I have now been in Italy for officially one week. Although the first two days seemed like they would never end, the last 5 have flown by.
Life is so incredibly unpredictable and I’m learning that no one hands you a guide.
No one told me when I would come to Italy that I would end up in a small village with around 2,000 people and only a few businesses to walk to.
I’m learning our expectations are not always our realities.
Since the passing of my dad, I have rarely put myself out there. If you would have asked me this question 2 weeks ago, I would’ve had a different answer. It may have taken about 48 hour to adjust, but this first week has already been the most eye opening experience of my life. I’ve had to come face to face with some of my biggest fears, and if living in a different country doesn’t open your eyes, that will.
I’ve had to face a number of feelings about my dad’s suicide that, because I was always surrounded by loved ones, I have yet to face in the last 10 months. The majority of these emotions have been deeper and darker than most, but in the end some of the most beneficial feelings.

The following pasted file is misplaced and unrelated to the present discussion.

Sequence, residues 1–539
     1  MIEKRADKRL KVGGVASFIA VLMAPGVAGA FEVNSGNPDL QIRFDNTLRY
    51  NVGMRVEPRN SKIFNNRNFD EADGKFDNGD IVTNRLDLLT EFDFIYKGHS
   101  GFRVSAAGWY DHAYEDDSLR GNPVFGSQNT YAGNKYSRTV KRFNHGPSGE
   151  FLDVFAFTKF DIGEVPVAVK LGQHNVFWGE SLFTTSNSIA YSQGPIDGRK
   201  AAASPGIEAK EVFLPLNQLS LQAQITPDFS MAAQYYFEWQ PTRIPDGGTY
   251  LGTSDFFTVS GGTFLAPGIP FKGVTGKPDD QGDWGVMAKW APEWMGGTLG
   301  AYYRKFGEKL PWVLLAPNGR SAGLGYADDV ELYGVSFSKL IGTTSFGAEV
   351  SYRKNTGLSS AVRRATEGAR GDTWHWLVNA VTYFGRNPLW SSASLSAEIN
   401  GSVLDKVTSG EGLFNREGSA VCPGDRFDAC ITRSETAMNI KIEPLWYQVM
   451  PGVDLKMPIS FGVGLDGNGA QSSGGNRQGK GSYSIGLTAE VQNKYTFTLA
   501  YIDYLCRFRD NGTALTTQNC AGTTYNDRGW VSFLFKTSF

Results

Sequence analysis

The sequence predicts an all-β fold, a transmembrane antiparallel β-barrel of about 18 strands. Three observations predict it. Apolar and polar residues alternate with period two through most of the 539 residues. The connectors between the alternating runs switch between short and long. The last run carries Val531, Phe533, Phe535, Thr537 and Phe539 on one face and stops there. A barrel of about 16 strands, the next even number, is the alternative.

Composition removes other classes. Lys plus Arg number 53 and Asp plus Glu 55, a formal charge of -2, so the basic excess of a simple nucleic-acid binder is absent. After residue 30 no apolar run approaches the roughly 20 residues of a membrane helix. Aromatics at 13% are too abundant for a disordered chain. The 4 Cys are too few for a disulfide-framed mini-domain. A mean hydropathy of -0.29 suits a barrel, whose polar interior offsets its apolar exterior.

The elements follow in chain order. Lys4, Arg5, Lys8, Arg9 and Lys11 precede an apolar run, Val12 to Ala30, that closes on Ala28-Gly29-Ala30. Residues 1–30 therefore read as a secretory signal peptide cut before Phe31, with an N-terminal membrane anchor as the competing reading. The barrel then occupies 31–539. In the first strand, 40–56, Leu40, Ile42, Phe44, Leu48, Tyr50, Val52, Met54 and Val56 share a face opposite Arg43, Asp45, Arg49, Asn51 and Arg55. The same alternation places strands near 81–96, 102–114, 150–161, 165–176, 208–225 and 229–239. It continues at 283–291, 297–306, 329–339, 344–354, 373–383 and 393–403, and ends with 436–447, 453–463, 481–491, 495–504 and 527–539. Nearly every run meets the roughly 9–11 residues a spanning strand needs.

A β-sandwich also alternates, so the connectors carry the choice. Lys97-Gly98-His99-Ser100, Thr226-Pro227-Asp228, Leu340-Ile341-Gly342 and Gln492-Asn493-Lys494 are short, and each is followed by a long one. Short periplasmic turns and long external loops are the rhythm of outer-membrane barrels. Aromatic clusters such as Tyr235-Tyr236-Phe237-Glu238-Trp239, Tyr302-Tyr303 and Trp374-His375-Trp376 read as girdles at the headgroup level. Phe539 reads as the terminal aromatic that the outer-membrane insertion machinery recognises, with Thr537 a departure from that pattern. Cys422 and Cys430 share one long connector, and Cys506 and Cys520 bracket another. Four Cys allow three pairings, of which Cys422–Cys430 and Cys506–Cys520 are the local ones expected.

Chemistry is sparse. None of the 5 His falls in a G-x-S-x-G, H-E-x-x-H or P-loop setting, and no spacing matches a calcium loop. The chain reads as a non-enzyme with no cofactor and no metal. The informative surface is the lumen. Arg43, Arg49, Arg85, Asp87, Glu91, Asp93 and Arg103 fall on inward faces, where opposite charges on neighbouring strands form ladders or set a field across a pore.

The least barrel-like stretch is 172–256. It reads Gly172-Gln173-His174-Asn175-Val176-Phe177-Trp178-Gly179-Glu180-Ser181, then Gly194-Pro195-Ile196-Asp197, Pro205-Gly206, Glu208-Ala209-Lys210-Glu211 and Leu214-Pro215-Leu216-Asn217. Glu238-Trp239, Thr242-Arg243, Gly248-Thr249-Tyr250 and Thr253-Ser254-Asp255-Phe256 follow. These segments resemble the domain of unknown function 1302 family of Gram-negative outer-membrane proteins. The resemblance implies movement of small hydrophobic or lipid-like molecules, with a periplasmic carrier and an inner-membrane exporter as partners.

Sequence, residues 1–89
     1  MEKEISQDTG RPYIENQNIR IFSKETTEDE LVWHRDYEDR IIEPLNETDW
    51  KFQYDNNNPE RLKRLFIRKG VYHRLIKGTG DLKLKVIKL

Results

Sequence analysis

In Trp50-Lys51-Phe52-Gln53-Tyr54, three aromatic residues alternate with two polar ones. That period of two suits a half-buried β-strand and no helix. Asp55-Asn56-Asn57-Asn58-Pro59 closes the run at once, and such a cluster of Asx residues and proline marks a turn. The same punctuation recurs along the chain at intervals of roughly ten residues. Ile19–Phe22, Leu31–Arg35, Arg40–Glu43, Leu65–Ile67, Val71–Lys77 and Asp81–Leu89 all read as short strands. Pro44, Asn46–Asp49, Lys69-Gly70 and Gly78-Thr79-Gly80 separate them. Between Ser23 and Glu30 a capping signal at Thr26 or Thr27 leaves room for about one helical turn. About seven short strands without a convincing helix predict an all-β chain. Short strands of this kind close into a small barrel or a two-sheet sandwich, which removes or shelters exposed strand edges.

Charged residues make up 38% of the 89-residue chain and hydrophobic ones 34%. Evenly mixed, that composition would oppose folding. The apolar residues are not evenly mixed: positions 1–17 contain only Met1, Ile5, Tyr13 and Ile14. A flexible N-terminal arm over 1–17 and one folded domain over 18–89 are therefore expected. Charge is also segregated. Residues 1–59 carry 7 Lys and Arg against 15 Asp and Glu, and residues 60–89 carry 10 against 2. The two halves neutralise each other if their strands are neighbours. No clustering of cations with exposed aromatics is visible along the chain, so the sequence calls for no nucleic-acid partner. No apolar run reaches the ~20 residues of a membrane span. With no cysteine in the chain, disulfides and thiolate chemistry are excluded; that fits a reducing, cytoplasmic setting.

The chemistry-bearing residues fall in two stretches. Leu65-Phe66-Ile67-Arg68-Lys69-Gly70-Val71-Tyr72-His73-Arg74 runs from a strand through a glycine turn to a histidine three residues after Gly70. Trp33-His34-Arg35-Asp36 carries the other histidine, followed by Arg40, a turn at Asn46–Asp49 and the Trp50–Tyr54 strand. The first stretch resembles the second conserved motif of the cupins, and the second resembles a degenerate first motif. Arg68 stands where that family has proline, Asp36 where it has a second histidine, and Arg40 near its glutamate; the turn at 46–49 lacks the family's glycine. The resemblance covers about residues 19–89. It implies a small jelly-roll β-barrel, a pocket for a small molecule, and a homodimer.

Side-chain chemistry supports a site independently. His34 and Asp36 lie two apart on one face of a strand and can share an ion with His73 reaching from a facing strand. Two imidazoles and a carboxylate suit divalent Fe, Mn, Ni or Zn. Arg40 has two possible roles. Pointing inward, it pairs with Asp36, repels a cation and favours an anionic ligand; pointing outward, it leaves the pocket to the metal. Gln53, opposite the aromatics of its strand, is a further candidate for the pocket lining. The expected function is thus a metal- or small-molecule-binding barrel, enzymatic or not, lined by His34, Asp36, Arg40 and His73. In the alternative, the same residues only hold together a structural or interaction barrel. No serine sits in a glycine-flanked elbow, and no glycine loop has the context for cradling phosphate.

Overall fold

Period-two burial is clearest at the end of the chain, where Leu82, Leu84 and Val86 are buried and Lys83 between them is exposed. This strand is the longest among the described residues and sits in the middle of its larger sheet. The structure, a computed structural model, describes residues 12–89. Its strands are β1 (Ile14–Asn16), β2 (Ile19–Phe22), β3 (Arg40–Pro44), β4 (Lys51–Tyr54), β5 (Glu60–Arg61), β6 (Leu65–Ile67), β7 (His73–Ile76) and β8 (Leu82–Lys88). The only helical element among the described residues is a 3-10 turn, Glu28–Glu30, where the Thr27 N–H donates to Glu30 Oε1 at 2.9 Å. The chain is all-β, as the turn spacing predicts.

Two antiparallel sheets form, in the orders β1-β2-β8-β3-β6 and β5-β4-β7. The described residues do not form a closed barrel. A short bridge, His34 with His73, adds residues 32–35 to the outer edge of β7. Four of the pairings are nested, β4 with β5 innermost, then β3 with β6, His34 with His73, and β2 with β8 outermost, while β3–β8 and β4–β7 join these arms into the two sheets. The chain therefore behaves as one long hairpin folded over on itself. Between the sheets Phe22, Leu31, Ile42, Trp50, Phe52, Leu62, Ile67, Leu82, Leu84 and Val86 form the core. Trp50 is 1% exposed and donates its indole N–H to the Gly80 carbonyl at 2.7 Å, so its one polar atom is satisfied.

When tragedy happens to you or your family, there is no predicting what is to come. There is no instruction manual or timeline. There is no certain way you are suppose to feel. No one can tell you that what you feel is right or wrong.
For the longest time, I denied my emotions. I didn’t want to face them. I pretended that, at all times, everything was fine.
In the last week, I have been learning to embrace all of my feelings; good and bad. I’ve lost all control and cried in front of, at the time, strangers. I’ve learned to connect with people and form relationships based on 7 days of knowing people.
The biggest thing I’m learning, other than the fact that the Veneto region of Italy has the best Prosecco in the world, is that life’s about finding yourself. It’s about embracing who you are; good and bad. It’s about not judging others and just living for the experience.
So, the next time you feel like you’ve put yourself out there in life, it might be worth it to ask yourself if you’ve lived your life to the fullest, because as I have, unfortunately, known life doesn’t go on forever.